A new study suggests social distancing exacts a mental health cost, even as it prevent the spread of COVID-19. Photo credit: @A1Cafel, via Wikimedia Commons

The pandemic is creating a large spike in significant psychological distress, according to a study released last week by a nonprofit think tank.

Findings from what the RAND Corp. characterized as the first longitudinal study of psychological distress during the pandemic show that among a representative sample of Americans, more than 10% reported experiencing symptoms of significant psychological distress during April and May of 2020.

That’s the same amount that was reported to be experienced over an entire year during a survey conducted in 2019, according to the Santa Monica think tank.

“We found equal numbers of people experienced serious psychological distress over 30 days during the pandemic as did over an entire year prior to the pandemic,” said Joshua Breslau, the study’s lead author and a senior behavioral scientist at RAND.

The RAND study also found that people with distress prior to the coronavirus were more likely to report distress after officials began recording COVID-19 cases.

Among people with severe distress prior to the pandemic, 48% reported distress once it had begun. Among people with low or no distress prior to the pandemic, just 3% reported distress during the pandemic.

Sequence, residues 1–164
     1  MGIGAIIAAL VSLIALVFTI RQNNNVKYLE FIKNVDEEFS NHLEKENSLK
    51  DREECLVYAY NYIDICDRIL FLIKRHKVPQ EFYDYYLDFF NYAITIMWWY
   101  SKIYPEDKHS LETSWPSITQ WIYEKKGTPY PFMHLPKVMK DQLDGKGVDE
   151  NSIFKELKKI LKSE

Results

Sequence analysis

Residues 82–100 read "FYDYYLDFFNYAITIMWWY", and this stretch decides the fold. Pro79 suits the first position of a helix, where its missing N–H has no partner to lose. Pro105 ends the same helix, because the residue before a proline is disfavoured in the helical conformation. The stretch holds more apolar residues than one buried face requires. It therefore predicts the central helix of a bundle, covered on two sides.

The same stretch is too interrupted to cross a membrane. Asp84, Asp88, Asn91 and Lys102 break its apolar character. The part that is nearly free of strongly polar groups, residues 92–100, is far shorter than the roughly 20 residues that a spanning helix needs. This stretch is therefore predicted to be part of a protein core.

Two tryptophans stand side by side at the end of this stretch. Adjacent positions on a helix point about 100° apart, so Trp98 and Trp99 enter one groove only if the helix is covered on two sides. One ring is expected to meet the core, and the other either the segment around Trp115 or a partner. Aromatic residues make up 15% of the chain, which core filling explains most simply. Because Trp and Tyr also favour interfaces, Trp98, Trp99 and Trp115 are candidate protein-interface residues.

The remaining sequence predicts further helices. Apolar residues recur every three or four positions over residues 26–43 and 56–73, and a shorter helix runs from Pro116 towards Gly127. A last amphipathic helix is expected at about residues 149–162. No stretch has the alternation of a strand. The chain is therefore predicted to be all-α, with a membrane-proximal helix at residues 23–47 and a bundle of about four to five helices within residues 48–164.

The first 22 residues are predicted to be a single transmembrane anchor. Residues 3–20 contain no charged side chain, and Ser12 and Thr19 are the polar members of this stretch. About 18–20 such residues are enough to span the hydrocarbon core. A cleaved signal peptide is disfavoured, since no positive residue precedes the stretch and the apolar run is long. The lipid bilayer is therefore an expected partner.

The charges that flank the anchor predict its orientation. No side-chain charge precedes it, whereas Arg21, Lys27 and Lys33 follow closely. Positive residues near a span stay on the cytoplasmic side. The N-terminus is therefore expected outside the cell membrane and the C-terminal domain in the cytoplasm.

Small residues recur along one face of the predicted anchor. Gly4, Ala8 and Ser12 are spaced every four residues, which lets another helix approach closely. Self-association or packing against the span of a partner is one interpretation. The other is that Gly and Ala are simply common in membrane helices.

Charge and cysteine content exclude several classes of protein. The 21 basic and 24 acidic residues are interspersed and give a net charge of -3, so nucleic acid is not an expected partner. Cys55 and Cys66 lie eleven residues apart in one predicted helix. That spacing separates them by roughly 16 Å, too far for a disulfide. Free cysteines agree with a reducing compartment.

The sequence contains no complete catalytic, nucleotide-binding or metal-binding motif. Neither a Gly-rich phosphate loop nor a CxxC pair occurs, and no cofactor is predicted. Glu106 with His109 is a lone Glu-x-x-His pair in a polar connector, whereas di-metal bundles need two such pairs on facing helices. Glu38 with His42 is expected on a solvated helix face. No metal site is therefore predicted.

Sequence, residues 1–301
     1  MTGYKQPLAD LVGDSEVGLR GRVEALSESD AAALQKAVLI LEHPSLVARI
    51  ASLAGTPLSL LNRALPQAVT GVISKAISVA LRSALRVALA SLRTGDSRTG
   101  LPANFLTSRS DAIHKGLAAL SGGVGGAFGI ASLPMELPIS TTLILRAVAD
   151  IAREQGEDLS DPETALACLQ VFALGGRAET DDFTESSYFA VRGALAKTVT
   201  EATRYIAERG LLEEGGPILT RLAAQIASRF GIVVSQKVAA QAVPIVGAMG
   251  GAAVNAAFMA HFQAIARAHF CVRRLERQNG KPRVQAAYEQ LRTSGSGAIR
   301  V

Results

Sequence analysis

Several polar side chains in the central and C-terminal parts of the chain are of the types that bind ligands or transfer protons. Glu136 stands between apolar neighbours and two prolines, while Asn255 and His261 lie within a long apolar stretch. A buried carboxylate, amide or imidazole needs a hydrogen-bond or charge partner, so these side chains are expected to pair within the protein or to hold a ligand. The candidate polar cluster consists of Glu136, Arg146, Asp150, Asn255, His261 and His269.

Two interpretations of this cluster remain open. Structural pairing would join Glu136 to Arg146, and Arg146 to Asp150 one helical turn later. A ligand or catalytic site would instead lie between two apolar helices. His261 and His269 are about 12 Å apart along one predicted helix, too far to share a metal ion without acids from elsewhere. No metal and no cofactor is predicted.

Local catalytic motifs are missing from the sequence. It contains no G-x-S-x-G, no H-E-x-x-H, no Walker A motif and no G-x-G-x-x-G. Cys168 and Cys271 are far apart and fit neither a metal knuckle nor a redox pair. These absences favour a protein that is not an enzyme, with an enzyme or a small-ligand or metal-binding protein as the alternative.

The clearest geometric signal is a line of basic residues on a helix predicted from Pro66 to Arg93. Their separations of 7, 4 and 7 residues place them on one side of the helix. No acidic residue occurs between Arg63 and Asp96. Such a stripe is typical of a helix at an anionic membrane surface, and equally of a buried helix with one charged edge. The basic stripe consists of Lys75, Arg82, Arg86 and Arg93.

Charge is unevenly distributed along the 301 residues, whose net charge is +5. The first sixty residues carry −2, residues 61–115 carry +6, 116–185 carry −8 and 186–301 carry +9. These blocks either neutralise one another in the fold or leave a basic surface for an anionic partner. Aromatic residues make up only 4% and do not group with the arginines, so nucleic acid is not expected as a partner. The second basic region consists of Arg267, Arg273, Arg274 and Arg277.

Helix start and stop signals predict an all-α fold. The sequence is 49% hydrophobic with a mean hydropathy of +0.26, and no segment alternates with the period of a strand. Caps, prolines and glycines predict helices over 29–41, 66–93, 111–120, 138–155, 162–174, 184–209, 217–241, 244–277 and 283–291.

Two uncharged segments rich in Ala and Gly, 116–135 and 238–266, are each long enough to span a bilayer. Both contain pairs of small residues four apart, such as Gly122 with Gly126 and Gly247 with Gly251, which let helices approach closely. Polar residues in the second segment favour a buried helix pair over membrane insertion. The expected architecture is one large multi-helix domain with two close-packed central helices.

The findings are published online by the journal Preventive Medicine.

The study found there was a higher risk of an increase in psychological distress among people younger than age 60, suggesting that the distress may be driven more by economic stressors than fears specific to the disease.

The survey was fielded using the Rand American Life Panel, a nationally representative internet panel. Participants were surveyed in February 2019 and again in May 2020, about eight weeks after the declaration of a national emergency.

There were 2,555 respondents to the first wave of the survey and 1,870 respondents to the second wave.

During each survey, participants were asked about their level of psychological distress at various points over the prior year using standard research assessment tools.

More than 12% of the participants reported higher levels of psychological distress during the second survey as compared to the first. Increases in distress were more common among women compared with men, those under 60 compared with those over 60, and Latino people compared with people of other racial/ethnic groups.

“Elevated psychological distress has been observed during prior disasters, but it has never before been seen as a persistent and complex stressor affecting the entire U.S. population,” Breslau said. “Policymakers should consider targeting services to population groups at high risk for elevated psychological distress during the pandemic, including people vulnerable to the economic consequences of social distancing.”

– City News Service